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The Oscars Will Always Have Its Audience

Some called the monologue boring. Others, risky-safe. You could call it a little of both, but – the ever-dubious but! – it was expertly hinged, propped on a rock solid foundation, and was delivered with the right balance of fuck-you cool that is rare these days.

And it worked. Kimmel may be squarer than most hosts, but there was something about him that struck the right tone. There was no sense of a political or cultural agenda, no sense of overachieving, under-delivering, or freewheeling. It was just good old clunk-a-clunk, chugga-thump gear changing, which, bar a few awkward moments (you gotta have them when messing with a room full of insecure narcissists) cleared the line with confidence, leaving an interesting aftertaste. The jokes will probably age well, infused as they were with the right combination of what makes critical humor humorous rather than mean and pointless. (The proof is in the pudding. Safely savory, is another term that comes to mind.)

Well done! Because the Academy Awards isn’t standup comedy, nor should it try to be. It’s an awards show, and a few clear right angles are the best way to bring out the slick edges of the filmmaking community. Less is more, as any Captain America Variant might say, all that supercharged cliché. It works.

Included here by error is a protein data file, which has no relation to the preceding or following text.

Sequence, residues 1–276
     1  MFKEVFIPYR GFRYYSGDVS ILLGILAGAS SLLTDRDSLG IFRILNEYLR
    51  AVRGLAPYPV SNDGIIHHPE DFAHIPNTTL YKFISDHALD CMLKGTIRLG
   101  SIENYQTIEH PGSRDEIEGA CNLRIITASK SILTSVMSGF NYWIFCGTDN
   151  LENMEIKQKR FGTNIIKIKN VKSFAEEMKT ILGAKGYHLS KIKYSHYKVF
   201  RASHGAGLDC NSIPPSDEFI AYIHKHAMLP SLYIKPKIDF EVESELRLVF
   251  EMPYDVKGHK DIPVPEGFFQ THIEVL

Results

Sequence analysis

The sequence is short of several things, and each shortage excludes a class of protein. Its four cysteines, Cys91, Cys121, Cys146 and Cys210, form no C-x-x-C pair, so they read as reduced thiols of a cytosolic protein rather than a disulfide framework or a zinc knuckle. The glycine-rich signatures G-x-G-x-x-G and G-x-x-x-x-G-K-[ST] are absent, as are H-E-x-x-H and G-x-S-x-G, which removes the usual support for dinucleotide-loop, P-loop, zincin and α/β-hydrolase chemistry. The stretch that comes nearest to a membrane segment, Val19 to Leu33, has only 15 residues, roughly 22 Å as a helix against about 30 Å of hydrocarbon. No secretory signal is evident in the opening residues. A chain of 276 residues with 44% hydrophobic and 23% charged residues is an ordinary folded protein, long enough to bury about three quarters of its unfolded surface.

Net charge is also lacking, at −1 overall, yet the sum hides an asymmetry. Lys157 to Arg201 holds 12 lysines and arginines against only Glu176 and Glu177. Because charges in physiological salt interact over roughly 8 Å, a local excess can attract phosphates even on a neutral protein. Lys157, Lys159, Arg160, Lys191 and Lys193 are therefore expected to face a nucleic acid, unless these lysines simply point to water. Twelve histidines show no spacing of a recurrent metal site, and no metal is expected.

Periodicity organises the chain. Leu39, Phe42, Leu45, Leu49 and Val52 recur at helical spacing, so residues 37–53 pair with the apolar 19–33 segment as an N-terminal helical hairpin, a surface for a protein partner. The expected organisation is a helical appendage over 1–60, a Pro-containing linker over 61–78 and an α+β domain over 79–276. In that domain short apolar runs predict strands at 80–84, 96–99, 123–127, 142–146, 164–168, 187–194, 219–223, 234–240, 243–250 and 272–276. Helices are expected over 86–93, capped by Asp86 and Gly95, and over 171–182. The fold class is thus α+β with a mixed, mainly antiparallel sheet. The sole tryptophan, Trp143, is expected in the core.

And if the ratings fall, fuck them. Not everything is supposed to be a circus. The Oscars will always have its audience, and playing to that audience with unashamed reserve can only set the right tone, keeping the event true. Let the Awards celebrate the extraordinary producing, directing, and acting performances alongside everything about the art and business of filmmaking without trying to one-up those achievements. The honored extravaganzas need a stage, not an upstaging. Let the honorees shine. Let us celebrate what was created in the past year, casting a light on those who created it, and let the night be a tad square so that the fabulous may shine, their efforts truly recognized.

From your socratic Spin Doctor